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Thesis Overview
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Thesis Overview

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The Master's Thesis, in the School of Speech, Language, and Hearing Sciences, Division of Speech and Language Sciences, is defined as the product of scholarly, original research that is designed and implemented by the student in consultation with her or his thesis chair and thesis committee members. The thesis is expected to be an original, empirically-based research study using quantitative and/or qualitative research methodologies.

Examples of thesis methods include experimental studies in which subjects are recruited and tested, new and innovative analyses of existing data, evaluation of new clinical procedures, or ethnographic studies of special populations. The exact design of a thesis study should be discussed with your thesis chair and committee members.

The Master's thesis is one option (Plan A) for completing the program in the School of Speech, Language, and Hearing Sciences, Division of Speech and Language Sciences. This guide is intended to help you decide if the thesis option is for you and to familiarize you with the thesis process. Since the thesis is not required for completing the Master's program, the decision to pursue this option must be made with consideration of several factors.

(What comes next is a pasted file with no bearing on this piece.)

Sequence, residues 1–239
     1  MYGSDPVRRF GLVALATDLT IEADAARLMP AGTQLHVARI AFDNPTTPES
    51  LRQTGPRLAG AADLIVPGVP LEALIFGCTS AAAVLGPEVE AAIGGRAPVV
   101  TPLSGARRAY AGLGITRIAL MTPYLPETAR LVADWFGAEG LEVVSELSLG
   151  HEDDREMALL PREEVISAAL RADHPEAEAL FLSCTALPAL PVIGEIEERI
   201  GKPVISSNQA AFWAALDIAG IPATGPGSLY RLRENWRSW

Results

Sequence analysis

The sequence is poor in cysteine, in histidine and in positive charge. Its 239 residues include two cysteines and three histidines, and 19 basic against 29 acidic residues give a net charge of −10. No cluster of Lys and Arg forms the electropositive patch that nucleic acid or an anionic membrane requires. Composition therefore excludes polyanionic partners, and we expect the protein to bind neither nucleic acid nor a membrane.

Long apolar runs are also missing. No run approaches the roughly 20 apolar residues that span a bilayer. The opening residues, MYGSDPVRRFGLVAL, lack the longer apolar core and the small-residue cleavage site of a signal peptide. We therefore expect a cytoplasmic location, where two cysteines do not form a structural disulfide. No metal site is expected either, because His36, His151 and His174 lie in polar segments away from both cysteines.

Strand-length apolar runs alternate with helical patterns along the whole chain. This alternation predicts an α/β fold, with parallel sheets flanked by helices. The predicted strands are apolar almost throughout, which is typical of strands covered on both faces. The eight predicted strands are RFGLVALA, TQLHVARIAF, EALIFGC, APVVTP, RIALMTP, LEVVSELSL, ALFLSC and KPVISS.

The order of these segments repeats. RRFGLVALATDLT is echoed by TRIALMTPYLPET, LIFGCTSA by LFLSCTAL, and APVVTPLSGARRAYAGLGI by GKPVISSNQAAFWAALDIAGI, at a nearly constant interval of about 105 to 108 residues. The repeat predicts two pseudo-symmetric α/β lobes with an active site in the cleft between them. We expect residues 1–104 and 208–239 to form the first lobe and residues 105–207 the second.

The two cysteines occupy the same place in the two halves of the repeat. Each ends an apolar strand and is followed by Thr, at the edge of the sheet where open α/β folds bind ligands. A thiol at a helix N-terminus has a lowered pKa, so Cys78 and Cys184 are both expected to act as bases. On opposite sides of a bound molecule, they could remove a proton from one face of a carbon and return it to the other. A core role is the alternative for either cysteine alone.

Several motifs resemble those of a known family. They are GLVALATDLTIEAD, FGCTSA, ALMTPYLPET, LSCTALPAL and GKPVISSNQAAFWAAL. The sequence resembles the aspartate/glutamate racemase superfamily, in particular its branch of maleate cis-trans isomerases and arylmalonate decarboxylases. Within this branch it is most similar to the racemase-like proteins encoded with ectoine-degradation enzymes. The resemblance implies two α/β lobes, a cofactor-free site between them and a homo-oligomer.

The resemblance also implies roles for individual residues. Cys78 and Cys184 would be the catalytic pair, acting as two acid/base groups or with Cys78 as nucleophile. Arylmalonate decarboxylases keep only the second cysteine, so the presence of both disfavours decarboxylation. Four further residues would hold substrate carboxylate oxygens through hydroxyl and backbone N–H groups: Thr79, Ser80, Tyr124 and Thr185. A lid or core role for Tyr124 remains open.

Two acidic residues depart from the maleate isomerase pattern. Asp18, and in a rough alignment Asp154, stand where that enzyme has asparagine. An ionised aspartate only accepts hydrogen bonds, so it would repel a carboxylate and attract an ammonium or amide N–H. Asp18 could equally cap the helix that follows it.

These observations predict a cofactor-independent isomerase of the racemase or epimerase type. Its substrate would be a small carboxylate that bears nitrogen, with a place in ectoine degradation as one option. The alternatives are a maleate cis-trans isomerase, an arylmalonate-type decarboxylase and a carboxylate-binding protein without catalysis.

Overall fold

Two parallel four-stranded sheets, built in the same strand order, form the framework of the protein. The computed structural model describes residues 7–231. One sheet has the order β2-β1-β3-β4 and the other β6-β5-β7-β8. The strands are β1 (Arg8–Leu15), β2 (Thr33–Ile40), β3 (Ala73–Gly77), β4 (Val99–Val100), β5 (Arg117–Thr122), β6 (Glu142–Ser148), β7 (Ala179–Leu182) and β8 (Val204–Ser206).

The thesis is an educational research experience for students who elect this option (Plan A). It is considered an additional educational experience because it is not required of the Master's degree. Generally, students who are interested in this educational opportunity are a) those who want to better understand the research process, b) those who are interested in participating in presentation at national meetings and/or publication in a scholarly journal, and/or c) those who plan to pursue the doctoral degree.

Note that students who elect this option satisfy 3 units of 700-level electives following successful completion of the master's thesis. All other curricular requirements for the Master's degree in SLP remain the same.

last updated: June 2009

NOTE: This document is meant to supplement the SDSU Thesis Manual by articulating school policies and procedures. It does not replace the SDSU Thesis Manual.

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     Questions? Email Dr. Jessica Barlow